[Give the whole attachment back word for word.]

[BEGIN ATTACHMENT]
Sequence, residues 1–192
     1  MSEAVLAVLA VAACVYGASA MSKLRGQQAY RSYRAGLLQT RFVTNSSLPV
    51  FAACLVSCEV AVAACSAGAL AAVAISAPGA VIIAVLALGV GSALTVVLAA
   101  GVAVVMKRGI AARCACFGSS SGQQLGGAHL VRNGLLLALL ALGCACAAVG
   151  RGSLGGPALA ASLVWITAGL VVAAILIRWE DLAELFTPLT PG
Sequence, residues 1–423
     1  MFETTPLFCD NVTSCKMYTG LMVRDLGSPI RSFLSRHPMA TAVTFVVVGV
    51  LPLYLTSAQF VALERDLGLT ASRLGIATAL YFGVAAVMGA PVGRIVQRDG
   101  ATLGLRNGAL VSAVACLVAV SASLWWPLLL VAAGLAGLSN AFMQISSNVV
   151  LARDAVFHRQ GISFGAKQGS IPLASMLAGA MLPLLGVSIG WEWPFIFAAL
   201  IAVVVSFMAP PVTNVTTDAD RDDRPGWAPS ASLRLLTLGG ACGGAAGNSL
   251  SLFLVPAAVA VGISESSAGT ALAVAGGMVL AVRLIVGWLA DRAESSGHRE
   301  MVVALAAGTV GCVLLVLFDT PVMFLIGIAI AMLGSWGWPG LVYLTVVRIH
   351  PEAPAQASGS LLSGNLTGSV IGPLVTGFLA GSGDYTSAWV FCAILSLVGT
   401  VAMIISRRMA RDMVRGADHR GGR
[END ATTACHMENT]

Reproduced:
Sequence, residues 1–192
     1  MSEAVLAVLA VAACVYGASA MSKLRGQQAY RSYRAGLLQT RFVTNSSLPV
    51  FAACLVSCEV AVAACSAGAL AAVAISAPGA VIIAVLALGV GSALTVVLAA
   101  GVAVVMKRGI AARCACFGSS SGQQLGGAHL VRNGLLLALL ALGCACAAVG
   151  RGSLGGPALA ASLVWITAGL VVAAILIRWE DLAELFTPLT PG
Sequence, residues 1–423
     1  MFETTPLFCD NVTSCKMYTG LMVRDLGSPI RSFLSRHPMA TAVTFVVVGV
    51  LPLYLTSAQF VALERDLGLT ASRLGIATAL YFGVAAVMGA PVGRIVQRDG
   101  ATLGLRNGAL VSAVACLVAV SASLWWPLLL VAAGLAGLSN AFMQISSNVV
   151  LARDAVFHRQ GISFGAKQGS IPLASMLAGA MLPLLGVSIG WEWPFIFAAL
   201  IAVVVSFMAP PVTNVTTDAD RDDRPGWAPS ASLRLLTLGG ACGGAAGNSL
   251  SLFLVPAAVA VGISESSAGT ALAVAGGMVL AVRLIVGWLA DRAESSGHRE
   301  MVVALAAGTV GCVLLVLFDT PVMFLIGIAI AMLGSWGWPG LVYLTVVRIH
   351  PEAPAQASGS LLSGNLTGSV IGPLVTGFLA GSGDYTSAWV FCAILSLVGT
   401  VAMIISRRMA RDMVRGADHR GGR